Baltimore Co. budget cut Howard holds tax line Ecker's $270 million package approved


The Howard County Council approved a $270 million budget yesterday that maintains the current level of services and provides raises for all school and county employees -- without increasing the property tax or piggyback tax rates.

"We are fortunate to be able to maintain services and not increase taxes," County Executive Charles I. Ecker said after a 2 1/2 -hour legislative session in which the fiscal 1993 budget was approved. "Citizens can expect their high quality of life to continue."

Although the council trimmed $1.1 million from the administration budget in order to restore $1.1 million that Dr. Ecker had cut from education, the bottom line was virtually unchanged from the $270.2 million proposal that the executive sent the council April 20.

Fifty-two percent of the budget will be spent on the school system. It will allow the Board of Education to maintain current class sizes and fund additional personnel needed to open two new schools.

The non-education portion of the budget will provide trash collection and a curbside recycling program for 7,000 more homes, stock new libraries in east Columbia and Elkridge, support a police cadet class of 18 recruits starting Jan. 1 and provide additional money for tourism development.

Although the piggyback and property tax rates remain the same, the budget includes a 5 percent motel-hotel tax for the first time, and a plethora of user fees, most of which are imposed on builders and developers. Eleven fees are new. Fifteen others are increased.

The property tax rate remains at $2.59 per $100 of assessed value. However, most property owners will be paying larger tax bills this year because of increased assessments.

The piggyback tax rate, the percentage of state income taxes collected for local use, will remain at 50 percent. Council members C. Vernon Gray, D-3rd, and Shane Pendergrass, D-1st, had proposed raising the rate to 52 percent. Both voted to withdraw the resolution yesterday.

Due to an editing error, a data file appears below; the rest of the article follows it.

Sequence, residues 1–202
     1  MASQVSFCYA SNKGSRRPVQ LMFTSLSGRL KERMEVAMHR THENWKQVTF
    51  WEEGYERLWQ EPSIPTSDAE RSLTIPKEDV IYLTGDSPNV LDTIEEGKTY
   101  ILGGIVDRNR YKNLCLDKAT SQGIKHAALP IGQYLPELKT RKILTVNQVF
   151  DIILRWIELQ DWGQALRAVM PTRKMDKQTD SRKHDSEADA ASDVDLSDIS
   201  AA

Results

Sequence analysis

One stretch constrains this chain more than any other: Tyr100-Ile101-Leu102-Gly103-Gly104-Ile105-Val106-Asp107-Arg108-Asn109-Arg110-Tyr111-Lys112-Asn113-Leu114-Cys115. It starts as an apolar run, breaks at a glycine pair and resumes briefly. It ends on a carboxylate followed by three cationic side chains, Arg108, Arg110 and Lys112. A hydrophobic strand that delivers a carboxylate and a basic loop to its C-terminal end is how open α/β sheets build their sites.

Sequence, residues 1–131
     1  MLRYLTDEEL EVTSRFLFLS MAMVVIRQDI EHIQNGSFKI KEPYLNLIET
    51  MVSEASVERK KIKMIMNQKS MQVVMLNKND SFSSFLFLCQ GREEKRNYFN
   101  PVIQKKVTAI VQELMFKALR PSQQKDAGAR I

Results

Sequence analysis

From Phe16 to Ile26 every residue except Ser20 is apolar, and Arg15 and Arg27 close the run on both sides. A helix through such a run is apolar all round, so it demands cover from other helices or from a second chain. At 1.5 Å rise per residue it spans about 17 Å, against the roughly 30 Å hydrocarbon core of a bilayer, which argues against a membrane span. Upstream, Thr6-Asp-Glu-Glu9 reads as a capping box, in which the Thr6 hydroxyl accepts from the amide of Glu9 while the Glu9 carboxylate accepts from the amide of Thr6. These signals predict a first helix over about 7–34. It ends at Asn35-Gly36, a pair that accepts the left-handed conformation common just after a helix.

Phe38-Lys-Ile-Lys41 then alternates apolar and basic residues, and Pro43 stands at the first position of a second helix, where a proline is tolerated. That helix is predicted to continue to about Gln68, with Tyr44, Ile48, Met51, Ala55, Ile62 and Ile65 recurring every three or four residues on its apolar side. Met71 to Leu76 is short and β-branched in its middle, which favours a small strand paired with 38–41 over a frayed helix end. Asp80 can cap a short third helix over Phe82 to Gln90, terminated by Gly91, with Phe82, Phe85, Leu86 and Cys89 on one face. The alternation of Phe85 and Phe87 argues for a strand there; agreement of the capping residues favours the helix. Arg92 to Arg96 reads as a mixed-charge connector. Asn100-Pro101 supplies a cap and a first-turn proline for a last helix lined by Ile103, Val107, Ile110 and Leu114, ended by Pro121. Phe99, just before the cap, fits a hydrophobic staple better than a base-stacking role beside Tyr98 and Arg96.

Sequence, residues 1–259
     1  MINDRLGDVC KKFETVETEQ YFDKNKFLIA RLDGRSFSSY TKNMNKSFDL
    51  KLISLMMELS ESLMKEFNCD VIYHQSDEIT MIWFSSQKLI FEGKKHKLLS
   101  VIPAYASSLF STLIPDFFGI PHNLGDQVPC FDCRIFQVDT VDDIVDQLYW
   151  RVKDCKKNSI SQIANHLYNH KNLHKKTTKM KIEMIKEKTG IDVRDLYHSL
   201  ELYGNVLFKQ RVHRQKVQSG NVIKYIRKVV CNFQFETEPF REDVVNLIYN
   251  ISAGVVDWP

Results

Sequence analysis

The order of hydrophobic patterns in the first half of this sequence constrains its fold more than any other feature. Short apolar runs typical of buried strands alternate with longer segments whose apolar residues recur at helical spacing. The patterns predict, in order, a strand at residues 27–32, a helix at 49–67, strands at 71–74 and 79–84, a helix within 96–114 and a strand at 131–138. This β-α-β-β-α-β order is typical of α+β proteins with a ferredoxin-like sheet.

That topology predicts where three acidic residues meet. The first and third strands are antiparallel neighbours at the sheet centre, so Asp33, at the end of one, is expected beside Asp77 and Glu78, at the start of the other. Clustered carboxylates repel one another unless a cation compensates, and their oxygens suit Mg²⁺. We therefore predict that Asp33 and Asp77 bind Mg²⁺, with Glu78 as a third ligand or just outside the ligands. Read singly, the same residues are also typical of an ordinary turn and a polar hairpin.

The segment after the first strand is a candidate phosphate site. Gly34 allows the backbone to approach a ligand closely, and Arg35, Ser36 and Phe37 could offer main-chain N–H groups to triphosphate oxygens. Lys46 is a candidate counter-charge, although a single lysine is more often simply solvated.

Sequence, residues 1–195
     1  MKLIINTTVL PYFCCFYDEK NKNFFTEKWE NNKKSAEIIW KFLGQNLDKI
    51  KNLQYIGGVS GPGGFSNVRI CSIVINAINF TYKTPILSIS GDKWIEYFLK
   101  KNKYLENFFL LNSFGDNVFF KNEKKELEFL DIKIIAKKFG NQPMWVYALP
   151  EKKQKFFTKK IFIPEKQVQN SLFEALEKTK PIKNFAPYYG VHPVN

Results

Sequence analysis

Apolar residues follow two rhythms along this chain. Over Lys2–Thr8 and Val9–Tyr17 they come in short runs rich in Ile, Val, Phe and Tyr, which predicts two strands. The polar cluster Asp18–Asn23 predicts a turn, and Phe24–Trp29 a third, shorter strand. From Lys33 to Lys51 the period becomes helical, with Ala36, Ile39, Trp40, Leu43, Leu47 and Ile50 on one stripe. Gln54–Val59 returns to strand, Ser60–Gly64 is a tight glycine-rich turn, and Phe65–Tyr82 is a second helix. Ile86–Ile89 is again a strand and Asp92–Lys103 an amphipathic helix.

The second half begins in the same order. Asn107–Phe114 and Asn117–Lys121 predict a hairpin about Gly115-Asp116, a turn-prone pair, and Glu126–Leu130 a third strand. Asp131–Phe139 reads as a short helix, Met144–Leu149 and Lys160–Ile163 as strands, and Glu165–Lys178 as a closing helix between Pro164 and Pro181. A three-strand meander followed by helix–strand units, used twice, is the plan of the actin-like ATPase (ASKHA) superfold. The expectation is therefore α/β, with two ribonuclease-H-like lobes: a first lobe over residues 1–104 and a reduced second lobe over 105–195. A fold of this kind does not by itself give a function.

"I don't like to talk gloom and doom, but if the state cuts mid-year, we're going to be hard-pressed to find [replacement] jTC dollars," Ms. Pendergrass said. "I hope we don't look back in six or nine months and say, 'I wish we had raised the piggyback.' "

School Superintendent Michael E. Hickey said the piggyback proposal could be an option next year if revenues don't keep up. "It looks like the council was buying another year for the economy to recover," Dr. Hickey said.

Councilman Gray had proposed raising the piggyback rate in order to restore $2.2 million that Dr. Ecker had cut from the Board of Education request. The tax increase would have generated an estimated $4.4 million.

Dr. Hickey said the fact that the tax increase would have raised twice as much as needed probably figured in its defeat. "The council would probably have had a hard time selling that to the public," the superintendent said.

Without the tax increase, the only way the council could restore money to education was to cut it from the administration. Both the administration and the Board of Education ended up with $1.1 million less than they asked for.

Dr. Hickey said the fiscal 1993 education budget "largely held theline at best, but after all the cuts in FY '92, there was very little restoration apart from the provision for increased staff and salary increments."

While he feels "good about those increases," Dr. Hickey continues to worry about "the continuing dilution of the educational program" in terms of supplies, materials, textbooks and staff development.

"We cannot continue indefinitely to dig a deeper and deeper hole," he said. "Sooner or later we're not going to get out of it. We're going to have look this year to see if we can divert some funds for those purposes. We're going to have to bite the bullet on taxes [in fiscal 1994] if the economy does not turn around."

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